¶ 10 Further, when the legislature enacted the county merit system statutes in 1969, the legislature expressed its intent that the merit system be “adaptable to [the county’s] size and type.” 1969 Ariz. Sess. Laws, ch. 117, § 1. The legislature also granted county merit system commissions powers “necessary to carry out the provisions of this article.” § 11-354. This intended adaptability and grant of authority would be superfluous if the county merit system commission were limited to reviewing written orders of termination with virtually no other powers or duties.[4] Moreover, we believe the legislature implicitly expressed a general intent to grant a commission jurisdiction to address all matters related to dismissals, suspensions, or reductions in rank by requiring that all such events be executed by written order and by giving a commission authority to hear appeals from such orders. See § 11-356. Thus, we deduce the legislature did not intend to limit a county merit system commission’s review to terminations by written orders.

¶ 11 Our supreme court’s decision in Burrell lends support to this conclusion. The statute at issue in Burrell was A.R.S. §23-1065(C), a component of Arizona’s workers’ compensation act. 191 Ariz. 149, ¶ 9, 953 P.2d at 545. At that time, § 23-1065(C) required an employer seeking contribution from the Special Fund Division to produce written records demonstrating its awareness of an employee’s pre-existing disability. 191 Ariz. 149, ¶ 10, 953 P.2d at 545. The court found that requirement was “`merely evidentiary'” and refused to construe it in a way that would defeat the purpose of the statute, “to promote the hiring of disabled or handicapped workers.” Id., quoting Special Fund Div. v. Indus. Comm’n, 189 Ariz. 162, 165, 939 P.2d 795, 798 (App. 1997) (emphasis deleted).

¶ 12 Admittedly, Burrell is distinguishable from the present case. A writing existed in Burrell that made it clear the employer had been aware the employee suffered from a disability, but the writing did not state the nature of the disability. Id.
¶ 2. That the employer had been aware of the nature of the disability was proved by testimony. Id. ¶ 3. Here, in contrast, there is no written order at all. However, we find the underlying reasoning of Burrell compelling. To construe the written order requirement as jurisdictional would contravene the purpose of the county merit system commission statutes. As our supreme court did in Burrell, “[w]e therefore interpret the statute in the manner that best carries out the legislative purpose.” Id. ¶ 10.

¶ 13 Ross v. Arizona State Personnel Board, 185 Ariz. 430, 916 P.2d 1146 (App. 1995), is also consistent with our conclusion. Ross, a state employee, “[i]n a stressful moment at work, . . . told her superiors, `I give up. I quit.'” Id. at 431, 916 P.2d at 1147. Ross maintained she had not intended the statement as a resignation, but instead, as a manifestation of her intent to cease working on a particular project. Id. at 431-32, 916 P.2d at 1147-48. Her employer, the Arizona Department of Transportation, interpreted her statement as a resignation and “told her she could not return to work because her resignation had been accepted.” Id. at 432, 916 P.2d at 1148. Ross appealed what she called her “dismissal,” but the state personnel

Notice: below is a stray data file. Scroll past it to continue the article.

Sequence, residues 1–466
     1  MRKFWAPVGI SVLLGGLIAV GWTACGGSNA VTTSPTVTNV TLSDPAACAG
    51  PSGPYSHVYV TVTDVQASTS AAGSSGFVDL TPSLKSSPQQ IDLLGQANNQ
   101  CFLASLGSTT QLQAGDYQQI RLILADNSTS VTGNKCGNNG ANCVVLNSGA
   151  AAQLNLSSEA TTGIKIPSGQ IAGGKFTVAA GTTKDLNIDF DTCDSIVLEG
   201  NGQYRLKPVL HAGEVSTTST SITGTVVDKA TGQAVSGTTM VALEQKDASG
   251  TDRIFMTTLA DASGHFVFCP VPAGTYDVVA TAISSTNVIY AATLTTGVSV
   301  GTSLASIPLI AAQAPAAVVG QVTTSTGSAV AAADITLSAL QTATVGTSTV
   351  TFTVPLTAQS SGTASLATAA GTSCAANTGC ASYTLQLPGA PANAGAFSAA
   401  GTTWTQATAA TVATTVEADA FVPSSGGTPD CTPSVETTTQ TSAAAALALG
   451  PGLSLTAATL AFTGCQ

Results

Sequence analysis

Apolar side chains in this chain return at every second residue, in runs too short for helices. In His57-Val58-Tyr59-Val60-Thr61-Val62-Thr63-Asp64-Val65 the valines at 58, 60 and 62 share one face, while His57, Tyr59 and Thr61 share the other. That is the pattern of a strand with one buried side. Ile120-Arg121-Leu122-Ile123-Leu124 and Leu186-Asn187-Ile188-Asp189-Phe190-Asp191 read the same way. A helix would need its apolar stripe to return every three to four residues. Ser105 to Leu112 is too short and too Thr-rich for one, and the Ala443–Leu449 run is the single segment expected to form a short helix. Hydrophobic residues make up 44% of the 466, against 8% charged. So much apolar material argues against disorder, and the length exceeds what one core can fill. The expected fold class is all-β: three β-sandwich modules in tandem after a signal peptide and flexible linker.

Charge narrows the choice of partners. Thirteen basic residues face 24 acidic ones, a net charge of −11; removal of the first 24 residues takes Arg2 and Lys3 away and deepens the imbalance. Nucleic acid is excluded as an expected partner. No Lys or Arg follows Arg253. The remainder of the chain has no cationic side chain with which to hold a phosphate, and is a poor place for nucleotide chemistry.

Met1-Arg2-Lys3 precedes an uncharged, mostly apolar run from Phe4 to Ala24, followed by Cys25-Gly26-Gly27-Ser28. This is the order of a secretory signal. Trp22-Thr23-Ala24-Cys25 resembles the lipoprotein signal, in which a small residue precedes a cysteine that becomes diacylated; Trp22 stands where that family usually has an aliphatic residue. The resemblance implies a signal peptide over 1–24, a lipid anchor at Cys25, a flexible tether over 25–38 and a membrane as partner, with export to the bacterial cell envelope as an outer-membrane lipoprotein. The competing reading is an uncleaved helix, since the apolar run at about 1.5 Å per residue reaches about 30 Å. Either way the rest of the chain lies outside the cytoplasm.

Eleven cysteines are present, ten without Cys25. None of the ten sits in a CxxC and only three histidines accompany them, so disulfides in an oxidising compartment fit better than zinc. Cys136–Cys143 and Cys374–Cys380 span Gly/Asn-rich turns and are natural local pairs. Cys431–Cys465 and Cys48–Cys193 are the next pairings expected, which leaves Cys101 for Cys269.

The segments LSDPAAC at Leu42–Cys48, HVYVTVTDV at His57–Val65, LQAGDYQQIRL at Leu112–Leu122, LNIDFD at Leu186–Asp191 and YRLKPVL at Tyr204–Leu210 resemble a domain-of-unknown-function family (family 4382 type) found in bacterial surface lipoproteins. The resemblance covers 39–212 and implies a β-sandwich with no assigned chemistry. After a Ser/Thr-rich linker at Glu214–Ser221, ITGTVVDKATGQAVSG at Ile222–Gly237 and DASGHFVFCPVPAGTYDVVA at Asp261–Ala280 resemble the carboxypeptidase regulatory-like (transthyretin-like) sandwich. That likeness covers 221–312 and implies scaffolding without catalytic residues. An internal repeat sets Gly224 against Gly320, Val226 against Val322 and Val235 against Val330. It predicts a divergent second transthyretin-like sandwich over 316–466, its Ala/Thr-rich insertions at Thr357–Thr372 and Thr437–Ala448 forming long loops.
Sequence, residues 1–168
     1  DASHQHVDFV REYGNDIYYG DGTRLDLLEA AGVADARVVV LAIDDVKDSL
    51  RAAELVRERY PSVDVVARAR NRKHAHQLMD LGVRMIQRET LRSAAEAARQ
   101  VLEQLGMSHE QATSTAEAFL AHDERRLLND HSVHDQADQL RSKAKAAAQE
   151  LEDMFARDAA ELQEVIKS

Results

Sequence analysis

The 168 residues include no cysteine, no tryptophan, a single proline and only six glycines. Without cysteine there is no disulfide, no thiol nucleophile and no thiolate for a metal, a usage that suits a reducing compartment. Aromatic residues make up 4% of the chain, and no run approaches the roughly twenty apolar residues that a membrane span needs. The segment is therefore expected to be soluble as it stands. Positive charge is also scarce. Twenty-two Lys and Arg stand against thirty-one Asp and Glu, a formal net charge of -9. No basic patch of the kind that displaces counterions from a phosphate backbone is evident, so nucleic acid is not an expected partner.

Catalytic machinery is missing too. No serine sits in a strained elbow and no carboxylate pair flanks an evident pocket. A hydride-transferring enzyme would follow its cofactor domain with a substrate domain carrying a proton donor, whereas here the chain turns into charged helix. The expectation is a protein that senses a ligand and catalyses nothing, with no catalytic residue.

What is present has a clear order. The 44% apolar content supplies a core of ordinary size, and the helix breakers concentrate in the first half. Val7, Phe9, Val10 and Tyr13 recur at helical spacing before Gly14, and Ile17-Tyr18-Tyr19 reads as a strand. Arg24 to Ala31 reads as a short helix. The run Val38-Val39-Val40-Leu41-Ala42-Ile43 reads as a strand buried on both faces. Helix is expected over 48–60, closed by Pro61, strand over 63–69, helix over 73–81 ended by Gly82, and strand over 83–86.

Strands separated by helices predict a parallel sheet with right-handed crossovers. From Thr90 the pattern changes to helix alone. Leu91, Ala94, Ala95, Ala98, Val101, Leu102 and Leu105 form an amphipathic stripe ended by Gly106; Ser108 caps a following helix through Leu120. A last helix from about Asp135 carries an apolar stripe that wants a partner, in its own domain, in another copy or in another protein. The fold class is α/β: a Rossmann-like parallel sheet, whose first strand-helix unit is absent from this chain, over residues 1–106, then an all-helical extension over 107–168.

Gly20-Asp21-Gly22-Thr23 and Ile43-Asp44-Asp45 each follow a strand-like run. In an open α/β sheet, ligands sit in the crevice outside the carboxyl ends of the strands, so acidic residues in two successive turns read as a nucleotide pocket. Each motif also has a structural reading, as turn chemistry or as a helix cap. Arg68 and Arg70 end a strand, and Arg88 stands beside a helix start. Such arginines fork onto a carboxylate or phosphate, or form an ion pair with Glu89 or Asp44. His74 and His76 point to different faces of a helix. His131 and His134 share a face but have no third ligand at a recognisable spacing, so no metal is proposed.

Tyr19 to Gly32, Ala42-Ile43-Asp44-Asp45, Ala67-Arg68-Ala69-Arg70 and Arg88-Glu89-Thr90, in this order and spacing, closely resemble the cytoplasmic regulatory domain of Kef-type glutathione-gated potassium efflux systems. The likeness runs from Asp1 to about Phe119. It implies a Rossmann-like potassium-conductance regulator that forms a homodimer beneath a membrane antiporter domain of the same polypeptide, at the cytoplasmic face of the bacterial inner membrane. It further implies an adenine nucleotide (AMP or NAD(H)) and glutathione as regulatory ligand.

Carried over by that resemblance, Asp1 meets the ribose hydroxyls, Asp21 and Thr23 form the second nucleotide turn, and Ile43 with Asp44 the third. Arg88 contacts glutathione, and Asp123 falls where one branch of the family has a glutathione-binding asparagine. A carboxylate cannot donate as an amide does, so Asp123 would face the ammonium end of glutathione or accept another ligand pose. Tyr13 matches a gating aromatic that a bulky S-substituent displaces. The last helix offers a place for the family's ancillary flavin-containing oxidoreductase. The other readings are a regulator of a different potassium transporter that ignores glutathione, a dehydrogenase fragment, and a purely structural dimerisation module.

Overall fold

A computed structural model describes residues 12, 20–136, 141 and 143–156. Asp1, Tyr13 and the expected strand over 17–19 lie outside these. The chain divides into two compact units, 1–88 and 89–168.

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board declined to hear her appeal, claiming it lacked jurisdiction. Id.

¶ 14 The state personnel board’s interpretation of its own rules only permitted an appeal from a written “disciplinary action.” Id. at 433, 916 P.2d at 1149. The controlling statute stated: “The personnel board shall hear and review appeals as provided in this article relating to dismissal from state service, suspension for more than forty working hours or demotion resulting from disciplinary action as defined in the personnel rules.” The term “disciplinary action” was not defined in the rules. Id. at 433, 916 P.2d at 1149. The board contended the term was defined by the procedure its rules mandated, that is, an employer initiates a disciplinary action in a writing detailing the charges against the employee. Id. Therefore, the board argued, it lacked jurisdiction to hear the appeal because there was no such writing. Id. However, the court ruled: “We cannot agree that an employee’s right to appeal to the Board is conditioned on the employer’s compliance with the personnel rules.” Id. The court held that, before the board could determine whether it had jurisdiction, it must first determine if there had been a “dismissal.” Id.

¶ 15 Ross is not directly on point. The enabling statutes for the state personnel board give it a broader range of powers and duties than the statutes at issue here give the Commission. Moreover, the legislature did not condition the state personnel board’s jurisdiction on the existence of a written order, but only on the existence of a disciplinary action. Instead, it was the board’s rules that required a written disciplinary action. In contrast, the written order language central to this case is contained in § 11-356. We note, however, that an administrative rule has the same effect and force as a statute. See Gibbons v. Ariz. Corp. Comm’n, 95 Ariz. 343, 347, 390 P.2d 582, 585 (1964). Further, we agree with Ross’s guiding principle: an employee’s right to administrative review should not be eviscerated by the employer’s failure to follow the statutory procedure. Nothing in the statutes suggests the legislature contemplated or desired such an outcome.